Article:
The Hidden Meaning Behind Bob Dylan's My Back Pages

Writing and performing into his ninth decade, counterculture icon and Nobel Prize-winning lyricist Bob Dylan has managed to maintain an air of mystery. Despite his prolific output, he remains something of an enigma to his millions of fans around the world. Though he is never evasive, his lyrics have grown more cryptic as the years have passed, and as the title of one of the acclaimed singles from his 2020 comeback album "Rough and Rowdy Ways" confirms, Dylan "contains multitudes" — despite fans' familiarity with the musician who first rose to fame in the early 1960s, there is a sense that we can never be sure which Dylan is singing at any particular moment.

But Dylan's lyrical trickiness has had fans debating the exact meaning of some of his most famous songs since the early days, especially those songs that seem to be a critique of his own songwriting and artistry. One of these songs that have remained open to interpretation is "My Back Pages," a 1964 album track from "Another Side of Bob Dylan" — a title again suggestive of Dylan's multiplicity — which critics have argued constitutes a crucial turning point in Dylan's art.

Dylan was going through changes

"Another Side of Bob Dylan" was recorded in a single night on June 9, 1964, according to "Bob Dylan: prophet, mystic, poet," during a period of immense change in the young Dylan's life, as many of the lyrics on the album make clear. First, there was the break-up of his long-term relationship with his partner Suze Rotolo, who famously featured alongside the songwriter on the cover photo of "The Freewheelin' Bob Dylan." Dylan had indulged in an affair with Joan Baez during their time performing together, which was "devastating" to Rotolo, per Reuters

Rotolo recalled in her memoir, "A Freewheelin' Time," that their relationship soon collapsed after she and Dylan agreed to terminate her pregnancy. The difficult end of their relationship was captured in "Ballad in Plain D," a song that has been panned by critics as self-pitying and which Dylan later regretted, per "Revolution in the Air: The Songs of Bob Dylan 1957-1973."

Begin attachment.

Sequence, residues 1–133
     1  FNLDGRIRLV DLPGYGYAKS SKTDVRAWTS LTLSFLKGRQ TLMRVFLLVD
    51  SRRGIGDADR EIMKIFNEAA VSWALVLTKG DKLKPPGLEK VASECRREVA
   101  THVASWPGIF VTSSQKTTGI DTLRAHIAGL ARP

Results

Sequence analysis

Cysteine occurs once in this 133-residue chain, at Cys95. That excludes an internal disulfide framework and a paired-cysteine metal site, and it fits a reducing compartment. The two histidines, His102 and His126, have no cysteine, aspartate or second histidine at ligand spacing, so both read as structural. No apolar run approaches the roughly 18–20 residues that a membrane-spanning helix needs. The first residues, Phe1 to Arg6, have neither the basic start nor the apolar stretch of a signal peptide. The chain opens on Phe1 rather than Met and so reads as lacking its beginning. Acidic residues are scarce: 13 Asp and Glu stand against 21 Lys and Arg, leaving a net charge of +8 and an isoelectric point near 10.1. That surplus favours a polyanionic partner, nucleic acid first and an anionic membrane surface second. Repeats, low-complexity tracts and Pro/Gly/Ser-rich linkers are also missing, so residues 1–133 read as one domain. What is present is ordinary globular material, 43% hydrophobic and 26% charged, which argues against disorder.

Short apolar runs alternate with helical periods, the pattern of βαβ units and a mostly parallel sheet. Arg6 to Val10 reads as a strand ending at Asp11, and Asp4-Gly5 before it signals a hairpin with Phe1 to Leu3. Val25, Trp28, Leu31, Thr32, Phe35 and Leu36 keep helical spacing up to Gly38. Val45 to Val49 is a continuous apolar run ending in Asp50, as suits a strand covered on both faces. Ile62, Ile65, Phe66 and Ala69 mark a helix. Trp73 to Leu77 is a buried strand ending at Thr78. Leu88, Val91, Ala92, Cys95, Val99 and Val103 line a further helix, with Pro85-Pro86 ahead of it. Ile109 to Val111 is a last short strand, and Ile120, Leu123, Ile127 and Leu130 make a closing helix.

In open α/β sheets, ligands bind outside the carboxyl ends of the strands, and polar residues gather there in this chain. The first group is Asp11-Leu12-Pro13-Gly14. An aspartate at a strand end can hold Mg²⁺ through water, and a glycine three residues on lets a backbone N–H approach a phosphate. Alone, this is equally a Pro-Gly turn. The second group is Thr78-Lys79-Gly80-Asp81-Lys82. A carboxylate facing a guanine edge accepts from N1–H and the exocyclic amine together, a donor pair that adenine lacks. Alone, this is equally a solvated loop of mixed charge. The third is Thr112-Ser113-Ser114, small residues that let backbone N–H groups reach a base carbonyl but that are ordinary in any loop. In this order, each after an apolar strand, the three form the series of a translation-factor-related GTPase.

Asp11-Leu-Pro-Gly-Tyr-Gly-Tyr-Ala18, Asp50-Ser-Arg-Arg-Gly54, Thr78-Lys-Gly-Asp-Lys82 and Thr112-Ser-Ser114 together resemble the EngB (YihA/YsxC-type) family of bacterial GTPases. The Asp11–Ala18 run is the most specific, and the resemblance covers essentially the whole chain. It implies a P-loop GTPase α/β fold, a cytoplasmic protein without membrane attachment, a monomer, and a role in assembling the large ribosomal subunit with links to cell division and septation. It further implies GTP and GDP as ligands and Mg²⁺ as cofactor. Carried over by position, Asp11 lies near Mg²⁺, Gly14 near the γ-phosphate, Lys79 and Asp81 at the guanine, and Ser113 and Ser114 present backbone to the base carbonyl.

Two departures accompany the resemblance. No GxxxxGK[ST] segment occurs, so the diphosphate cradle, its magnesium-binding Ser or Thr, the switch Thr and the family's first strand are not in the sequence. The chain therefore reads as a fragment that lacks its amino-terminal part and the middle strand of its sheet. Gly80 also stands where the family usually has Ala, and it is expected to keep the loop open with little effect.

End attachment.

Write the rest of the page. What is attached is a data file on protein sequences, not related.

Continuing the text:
1964 was also the year that Dylan first started experimenting with writing under the influence of hallucinogenic drugs according to the Dylan biographer Bob Spitz, and while the sound nor the content of "Another Side of Bob Dylan" can be said to be psychedelic in the way music would sound in the late 1960s, it is arguable that the famous refrain of "My Back Pages" — "I was so much older then, I'm younger than that now" — is indicative of a new visionary strain in Dylan's songwriting as outlined by Literary Hub.

Taking a new direction

And while the famous refrain of Bob Dylan's "My Back Pages" does seem to suggest changes of one sort or another in Dylan's personal life, when taken in tandem with the song's vibrant choruses the lyric takes on another meaning: a critique of the protest movement of the early 1960s and Dylan's place within it.

As an October 1964 profile in The New Yorker explains, that year Dylan was growing increasingly uncomfortable with how synonymous he had become with the folk scene through which he first emerged, and the need espoused by many of those in the 'movement' to make a political point in one's music. Dylan had proven himself an adept writer of protest songs, with songs like "Blowin' In The Wind" and "Masters of War" shot through with anti-establishment rhetoric and social critique. However, by the time he was writing "My Back Pages," Dylan was looking to demonstrate he was "part of no movement," and that the actively political phase of his songwriting was over. Part of this is due to a growing suspicion of binary worldviews, as Dylan chastizes himself: "Lies that life is black and white / Spoke from my skull."

"There aren't any finger-pointing songs in here," Dylan told The New Yorker, claiming that too many other musicians were performing the function of "spokesman" in their songwriting. Echoing the refrain of "My Back Pages," Dylan explained: "From now on, I want to write from inside me, and to do that I'm going to have to get back to writing like I used to when I was 10 — having everything come out naturally."